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Ed. Note: The spectrum between joy and love
Now, there’s a caveat not really covered in the book – and this is the place that it seems like a lot of people slip up – the test is not whether you love something, but rather whether it sparks joy. Does it make you smile for its very presence in the palm of your hand? That’s joy. Does it make you smile because you once wore it on that vacation where everything just went right and you got a perfect tan, but you haven’t worn it in like three years, and you really do love it when you think about the idea of it but it just doesn’t fit quite right anymore? That’s guilt, love, nostalgia – it’s a lot of things, but none of them are distinctly and sublimely and viscerally joy.
You have to tune into your gut reactions here. If you’re on the fence about being joyful, chances are it’s time to let your old sun-dress fly free to live a happy life elsewhere. And if you can’t decide if something is joyful or not, maybe ask if it’s beautiful and useful to you. That’s also not in the book, but it’s always served me well when joyful might feel, well, dispensable and ornamental.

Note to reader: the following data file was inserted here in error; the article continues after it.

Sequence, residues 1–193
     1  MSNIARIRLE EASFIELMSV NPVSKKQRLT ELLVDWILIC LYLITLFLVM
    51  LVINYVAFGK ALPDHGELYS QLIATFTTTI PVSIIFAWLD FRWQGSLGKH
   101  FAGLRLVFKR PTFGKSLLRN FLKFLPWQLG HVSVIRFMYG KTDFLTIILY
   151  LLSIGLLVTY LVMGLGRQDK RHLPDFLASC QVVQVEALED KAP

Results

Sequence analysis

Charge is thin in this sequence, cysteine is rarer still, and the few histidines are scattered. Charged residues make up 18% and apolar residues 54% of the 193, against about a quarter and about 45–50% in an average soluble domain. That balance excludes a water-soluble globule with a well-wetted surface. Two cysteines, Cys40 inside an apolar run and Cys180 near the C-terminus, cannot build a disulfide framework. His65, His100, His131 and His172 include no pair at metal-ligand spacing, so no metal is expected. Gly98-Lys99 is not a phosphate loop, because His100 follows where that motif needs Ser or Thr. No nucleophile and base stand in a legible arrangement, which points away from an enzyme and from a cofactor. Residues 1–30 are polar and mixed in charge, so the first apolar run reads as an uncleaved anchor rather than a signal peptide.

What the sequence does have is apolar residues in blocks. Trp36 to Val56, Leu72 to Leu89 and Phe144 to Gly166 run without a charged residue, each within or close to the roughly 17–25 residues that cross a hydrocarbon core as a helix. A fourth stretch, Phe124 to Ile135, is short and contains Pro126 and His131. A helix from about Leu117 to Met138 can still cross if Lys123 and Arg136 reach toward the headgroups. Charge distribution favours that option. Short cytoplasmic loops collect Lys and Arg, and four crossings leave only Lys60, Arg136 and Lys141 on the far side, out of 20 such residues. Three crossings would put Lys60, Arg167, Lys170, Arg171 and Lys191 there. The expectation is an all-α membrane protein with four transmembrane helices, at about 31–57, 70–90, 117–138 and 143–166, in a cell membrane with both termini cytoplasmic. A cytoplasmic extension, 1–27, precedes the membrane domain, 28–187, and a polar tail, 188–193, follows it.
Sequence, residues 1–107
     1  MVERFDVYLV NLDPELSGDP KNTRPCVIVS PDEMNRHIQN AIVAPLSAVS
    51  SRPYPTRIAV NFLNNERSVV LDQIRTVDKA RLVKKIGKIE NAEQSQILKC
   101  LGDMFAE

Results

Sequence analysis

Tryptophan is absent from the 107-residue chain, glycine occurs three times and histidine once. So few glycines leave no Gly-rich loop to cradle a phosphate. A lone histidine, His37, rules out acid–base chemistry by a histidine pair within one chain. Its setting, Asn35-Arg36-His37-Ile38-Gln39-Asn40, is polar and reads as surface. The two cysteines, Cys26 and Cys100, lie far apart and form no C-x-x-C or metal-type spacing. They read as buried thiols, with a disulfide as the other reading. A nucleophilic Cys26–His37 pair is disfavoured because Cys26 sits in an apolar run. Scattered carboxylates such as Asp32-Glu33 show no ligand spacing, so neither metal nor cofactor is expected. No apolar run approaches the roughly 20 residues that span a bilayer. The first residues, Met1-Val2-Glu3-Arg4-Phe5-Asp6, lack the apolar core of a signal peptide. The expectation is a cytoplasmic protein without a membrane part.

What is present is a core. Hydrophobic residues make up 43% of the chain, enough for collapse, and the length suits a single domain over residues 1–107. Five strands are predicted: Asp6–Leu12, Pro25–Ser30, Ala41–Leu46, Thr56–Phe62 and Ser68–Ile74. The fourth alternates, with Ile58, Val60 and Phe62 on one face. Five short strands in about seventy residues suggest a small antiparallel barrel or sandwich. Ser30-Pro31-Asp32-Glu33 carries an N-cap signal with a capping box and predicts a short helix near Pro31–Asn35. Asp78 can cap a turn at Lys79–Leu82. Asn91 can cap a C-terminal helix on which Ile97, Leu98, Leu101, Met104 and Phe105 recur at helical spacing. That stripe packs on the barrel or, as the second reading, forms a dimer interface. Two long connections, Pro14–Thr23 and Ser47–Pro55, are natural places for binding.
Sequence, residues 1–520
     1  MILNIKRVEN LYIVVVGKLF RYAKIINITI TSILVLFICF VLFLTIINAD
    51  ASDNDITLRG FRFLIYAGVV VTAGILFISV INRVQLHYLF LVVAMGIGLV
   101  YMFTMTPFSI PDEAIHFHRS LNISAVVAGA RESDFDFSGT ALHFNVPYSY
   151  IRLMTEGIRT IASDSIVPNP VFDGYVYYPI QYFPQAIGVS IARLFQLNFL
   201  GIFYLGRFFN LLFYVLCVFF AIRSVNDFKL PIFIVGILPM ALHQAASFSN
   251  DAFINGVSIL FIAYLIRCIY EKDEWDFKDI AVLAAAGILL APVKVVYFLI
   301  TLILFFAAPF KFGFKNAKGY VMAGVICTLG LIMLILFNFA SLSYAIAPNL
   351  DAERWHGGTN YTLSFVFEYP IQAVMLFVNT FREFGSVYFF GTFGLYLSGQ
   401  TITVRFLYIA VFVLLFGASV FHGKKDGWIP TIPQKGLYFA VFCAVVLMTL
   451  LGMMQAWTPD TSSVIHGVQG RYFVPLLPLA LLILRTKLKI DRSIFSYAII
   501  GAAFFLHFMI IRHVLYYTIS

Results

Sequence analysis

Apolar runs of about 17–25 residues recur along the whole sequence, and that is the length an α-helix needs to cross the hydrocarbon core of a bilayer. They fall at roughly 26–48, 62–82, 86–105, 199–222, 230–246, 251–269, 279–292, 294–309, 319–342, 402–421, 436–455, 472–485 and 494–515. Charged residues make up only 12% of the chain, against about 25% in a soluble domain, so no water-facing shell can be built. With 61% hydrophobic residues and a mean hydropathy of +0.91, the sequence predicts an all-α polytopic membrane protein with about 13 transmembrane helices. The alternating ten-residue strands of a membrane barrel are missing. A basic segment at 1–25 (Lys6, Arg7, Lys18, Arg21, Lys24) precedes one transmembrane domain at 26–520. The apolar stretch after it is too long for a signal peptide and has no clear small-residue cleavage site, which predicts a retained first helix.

Once you’ve gone through your clothes, move on to books, papers, miscellaneous items (affectionately referred to as komono), and lastly, mementos. That’s really it. You’re done once you’ve tackled and organized each of these categories.
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Additive versus subtractive tidying
Here’s why I think this method is so effective and enjoyable: Kondo simultaneously approaches decluttering in terms of accumulation and curation. Instead of purging belongings out of a closet, readers are encouraged to approach the process like a shopping expedition: Dump everything into a pile, distance yourself from your belongings, and select only what sparks joy to put back in the closet.
So, I have to wonder. Has The Life Changing Magic of Tidying Up acquired a cult following where books like Stuff Your Face Or Face Your Stuff and Psychic Debris, Crowded Closets: The Relationship between the Stuff in Your Head and What’s Under Your Bed have not for the simple reason that we’re happiest when decluttering in terms of accumulating more, rather than ever really confronting any problematic psychological relationships with our stuff?